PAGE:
Just doodling, looking for sources of data to try to map out the evolution of corporate groups that are taking over the operation of public services (another few possible pieces in the holding companies to account jigsaw…)
Health and Social Care
The CQC publishes a spreadsheet detailing all the locations it inspects which includes a group/brand identifier that allows us to track individual companies that operate as part of a group or under a common brand [CQC data].
Justice and detention
I haven’t found a nice dataset that identifies the operators of prison and detention facilities. The Ministry of Justice publish Prison and probation trusts performance statistics that includes management information detailing the names of prisons and trusts, but not their operators. There is an unstructured list of contracted out prison operators but no data file? I can’t find a list of operators of immigration removal/detention centres? (Serco, GEO and MITIE may all be operators?)
SLAs and general contract details here – MOJ – Prison Service level agreements and contracts – though no mention of private contractor names? Other possible sources: inspection reports from HM Inspectorate of Prisons. Reports are presented as PDF documents, and appear to include a fact page that includes a statement of Escort contractors, Health service providers and Learning and skills providers. I haven’t found a simple datafile that clearly states the providers of these service types by prison?
As far as probation service delivery goes, I’m not sure what sort of private contracts the probation trusts operate – one way in might be to trawl through the spending data (eg Probation trusts spend over £25,000 (note: that page says “We do not publish everything and HMT lists transactions not to be included in their guidance on data inclusions and redactions” although no link is given to that guidance document…).
The Department for Education publishes a spreadsheet detailing Open academies and academy projects in development that includes the name of the sponsoring organisation.
The Homes and Communities Agency publish results from “an annual online survey completed by all English private registered providers of social housing (PRPs)” – Statistical Data Return (SDR) (see particularly the statistical return full data sheet; amongst other things, this document includes a sheet that associates subsidiary companies with their parent housing trusts).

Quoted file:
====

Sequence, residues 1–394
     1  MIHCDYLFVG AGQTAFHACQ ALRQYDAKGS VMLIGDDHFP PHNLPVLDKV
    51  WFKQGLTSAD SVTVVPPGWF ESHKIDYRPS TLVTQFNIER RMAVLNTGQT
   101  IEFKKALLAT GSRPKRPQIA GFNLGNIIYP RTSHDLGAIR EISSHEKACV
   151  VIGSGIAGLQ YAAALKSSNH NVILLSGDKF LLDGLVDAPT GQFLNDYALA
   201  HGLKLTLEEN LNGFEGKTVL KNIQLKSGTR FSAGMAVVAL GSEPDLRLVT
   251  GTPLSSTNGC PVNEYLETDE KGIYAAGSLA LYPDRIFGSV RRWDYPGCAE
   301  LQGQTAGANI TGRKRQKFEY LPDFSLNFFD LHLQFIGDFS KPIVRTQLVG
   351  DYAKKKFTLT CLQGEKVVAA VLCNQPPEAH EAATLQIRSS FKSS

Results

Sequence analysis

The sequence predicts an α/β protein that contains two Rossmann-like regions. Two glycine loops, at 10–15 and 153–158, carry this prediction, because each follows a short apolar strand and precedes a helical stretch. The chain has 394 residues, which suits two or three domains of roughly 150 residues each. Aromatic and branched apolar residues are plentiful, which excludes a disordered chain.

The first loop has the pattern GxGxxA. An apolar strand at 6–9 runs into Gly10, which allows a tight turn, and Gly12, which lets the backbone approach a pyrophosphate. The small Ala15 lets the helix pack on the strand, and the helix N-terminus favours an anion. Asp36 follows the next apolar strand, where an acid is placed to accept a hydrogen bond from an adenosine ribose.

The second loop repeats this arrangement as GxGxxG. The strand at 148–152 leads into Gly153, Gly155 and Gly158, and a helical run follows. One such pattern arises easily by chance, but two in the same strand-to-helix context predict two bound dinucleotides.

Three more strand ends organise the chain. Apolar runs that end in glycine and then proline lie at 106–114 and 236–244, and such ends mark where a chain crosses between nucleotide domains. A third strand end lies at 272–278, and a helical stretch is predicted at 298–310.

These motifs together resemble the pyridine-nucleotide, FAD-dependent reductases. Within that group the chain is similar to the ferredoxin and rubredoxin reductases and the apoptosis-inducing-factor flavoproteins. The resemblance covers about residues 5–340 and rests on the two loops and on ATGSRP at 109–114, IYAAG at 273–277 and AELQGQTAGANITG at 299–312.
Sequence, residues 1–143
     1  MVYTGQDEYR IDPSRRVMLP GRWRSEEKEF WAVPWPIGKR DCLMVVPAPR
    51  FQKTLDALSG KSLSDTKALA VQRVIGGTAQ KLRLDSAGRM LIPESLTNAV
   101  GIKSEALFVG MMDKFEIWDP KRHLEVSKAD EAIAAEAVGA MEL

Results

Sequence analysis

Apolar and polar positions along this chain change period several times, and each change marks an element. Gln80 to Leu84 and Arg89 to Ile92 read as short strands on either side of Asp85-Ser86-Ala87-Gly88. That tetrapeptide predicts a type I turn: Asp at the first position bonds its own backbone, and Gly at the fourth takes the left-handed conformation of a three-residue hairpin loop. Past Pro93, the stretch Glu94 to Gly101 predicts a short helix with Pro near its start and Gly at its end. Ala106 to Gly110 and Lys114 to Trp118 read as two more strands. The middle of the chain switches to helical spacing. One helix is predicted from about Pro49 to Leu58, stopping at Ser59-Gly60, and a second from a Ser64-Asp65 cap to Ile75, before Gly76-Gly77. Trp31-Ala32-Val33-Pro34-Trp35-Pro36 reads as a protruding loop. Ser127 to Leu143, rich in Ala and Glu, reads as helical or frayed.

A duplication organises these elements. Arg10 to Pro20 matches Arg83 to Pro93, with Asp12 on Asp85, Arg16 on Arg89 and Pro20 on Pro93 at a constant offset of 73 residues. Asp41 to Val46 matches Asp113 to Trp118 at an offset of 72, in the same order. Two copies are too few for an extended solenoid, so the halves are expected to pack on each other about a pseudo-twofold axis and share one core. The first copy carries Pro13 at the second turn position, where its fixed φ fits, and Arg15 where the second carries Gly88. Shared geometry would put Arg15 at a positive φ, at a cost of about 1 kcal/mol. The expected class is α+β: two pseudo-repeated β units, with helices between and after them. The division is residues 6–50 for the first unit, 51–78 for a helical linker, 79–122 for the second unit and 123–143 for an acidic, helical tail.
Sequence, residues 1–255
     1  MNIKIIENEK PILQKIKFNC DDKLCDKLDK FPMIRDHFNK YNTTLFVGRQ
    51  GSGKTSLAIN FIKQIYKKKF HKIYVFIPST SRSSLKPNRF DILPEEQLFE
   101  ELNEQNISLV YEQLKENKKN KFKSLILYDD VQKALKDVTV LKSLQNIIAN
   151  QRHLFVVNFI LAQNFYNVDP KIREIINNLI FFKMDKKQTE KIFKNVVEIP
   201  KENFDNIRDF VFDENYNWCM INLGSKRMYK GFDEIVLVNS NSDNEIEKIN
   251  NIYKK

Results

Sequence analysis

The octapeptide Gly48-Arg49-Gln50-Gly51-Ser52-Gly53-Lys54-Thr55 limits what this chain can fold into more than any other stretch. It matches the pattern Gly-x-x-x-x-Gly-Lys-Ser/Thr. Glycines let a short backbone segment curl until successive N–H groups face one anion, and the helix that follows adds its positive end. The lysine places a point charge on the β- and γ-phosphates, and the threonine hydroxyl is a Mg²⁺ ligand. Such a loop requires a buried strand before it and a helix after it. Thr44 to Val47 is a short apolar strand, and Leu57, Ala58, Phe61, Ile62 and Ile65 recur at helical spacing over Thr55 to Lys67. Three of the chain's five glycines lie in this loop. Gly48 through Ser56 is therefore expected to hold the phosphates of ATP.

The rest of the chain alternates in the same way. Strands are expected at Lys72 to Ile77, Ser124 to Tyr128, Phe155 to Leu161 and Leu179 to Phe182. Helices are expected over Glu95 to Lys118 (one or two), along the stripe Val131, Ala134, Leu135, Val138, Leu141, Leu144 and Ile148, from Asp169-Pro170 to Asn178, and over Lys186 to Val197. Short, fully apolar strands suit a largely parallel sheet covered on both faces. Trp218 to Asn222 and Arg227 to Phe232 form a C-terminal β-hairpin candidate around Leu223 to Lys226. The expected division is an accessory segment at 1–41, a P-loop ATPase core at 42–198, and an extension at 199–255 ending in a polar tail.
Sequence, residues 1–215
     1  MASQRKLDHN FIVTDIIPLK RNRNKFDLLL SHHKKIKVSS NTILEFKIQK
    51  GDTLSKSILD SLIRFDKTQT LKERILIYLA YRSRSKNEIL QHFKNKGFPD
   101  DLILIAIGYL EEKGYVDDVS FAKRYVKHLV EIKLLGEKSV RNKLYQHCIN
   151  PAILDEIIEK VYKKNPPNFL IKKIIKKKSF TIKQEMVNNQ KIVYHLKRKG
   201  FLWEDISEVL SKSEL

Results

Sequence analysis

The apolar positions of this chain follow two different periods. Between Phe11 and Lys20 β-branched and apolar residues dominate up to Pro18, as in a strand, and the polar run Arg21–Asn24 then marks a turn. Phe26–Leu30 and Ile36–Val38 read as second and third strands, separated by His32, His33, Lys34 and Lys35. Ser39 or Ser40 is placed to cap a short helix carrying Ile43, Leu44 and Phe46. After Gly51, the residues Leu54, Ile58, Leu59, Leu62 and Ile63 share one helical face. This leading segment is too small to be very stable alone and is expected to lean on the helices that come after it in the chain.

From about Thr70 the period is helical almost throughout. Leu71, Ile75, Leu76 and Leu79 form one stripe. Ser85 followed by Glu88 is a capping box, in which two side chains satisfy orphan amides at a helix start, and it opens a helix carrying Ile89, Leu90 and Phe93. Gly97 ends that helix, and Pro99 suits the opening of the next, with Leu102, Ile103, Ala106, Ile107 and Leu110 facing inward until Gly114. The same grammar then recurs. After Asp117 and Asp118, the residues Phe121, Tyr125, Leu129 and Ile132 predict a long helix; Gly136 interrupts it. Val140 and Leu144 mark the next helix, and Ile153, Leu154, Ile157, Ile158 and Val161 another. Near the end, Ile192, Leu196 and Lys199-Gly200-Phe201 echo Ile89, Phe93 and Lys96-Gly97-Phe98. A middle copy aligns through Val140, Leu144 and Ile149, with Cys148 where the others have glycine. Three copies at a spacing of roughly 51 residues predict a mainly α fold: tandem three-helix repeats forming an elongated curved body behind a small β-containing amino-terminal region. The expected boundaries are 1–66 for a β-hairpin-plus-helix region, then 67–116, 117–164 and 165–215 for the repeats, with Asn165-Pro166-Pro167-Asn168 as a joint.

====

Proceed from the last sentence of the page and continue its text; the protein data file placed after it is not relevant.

I don’t really know much about PFI (I don’t really know much about anything linked to in this post!) except that PFI contracts often have large numbers of 000s associated with them. Private Finance Initiative Projects summary data is perhaps one quick way into to exploring that whole can of worms further?
So what other areas, and what other data sources, am I missing?
PS writing about a collaboration between OpenOil and OpenCorporates to map the structure of the BP corporate sprawl, Glyn Moody notes the realisation by OpenOil that “[t]he entire play in the way multinationals operate is in the interplay between the group as a co-ordinated whole…”:
…[T]his unified strategy is played out across over a thousand affiliate companies who each exist as a separate legal “person”. The company naturally seeks to maximise advantage across jurisdictions by combining these different legal persons in the most profitable and least liable way for any given business problem. But even if the group does act with one mind, the price of being able to maintain the affiliate structure as separate legal persons is a bare minimum of autonomous reporting by each of them.
It was as if the … group is a superorganism and its affiliates were the constituent organisms included in the whole, like individual ants or coral. None of those companies had any purpose or would even survive without being integrated into the colony. Nevertheless, each of them has a unique footprint and what we were doing was studying the traces of their uniqueness, their “genetic code”, to see if significant information was stored there which could tell us something about the internal functioning of the colony.
As soon as you start working with data in networked model (where you look for links and relationships that can aggregate data from multiple sources) you soon realise that apparently meaningful or coherent gross level patterns or structures can emerge from the simple interactions and behaviours of individual components. (Supervenience is the term used to describe how the properties of the higher level are derived from (or supervene on) the lower level properties or behaviours. However, in the case of a corporate netwrok, we might image that a goal state created at the higher level by actors with a view over the whole system is what is actually driving the behaviour of subservient lower level actors. An ecological view of the corporate network might look to elements of downward causation to try to explain the behaviour of the lower level parts.)
PPS It’s probably 20 years since I last read heavily, and thought a lot about, parts, whole, levels, supervenience and emergence. And I seem to have forgotten most of it:-( I wonder if the box loads of photocopied papers are still “archived” in my office somewhere… Hmmm…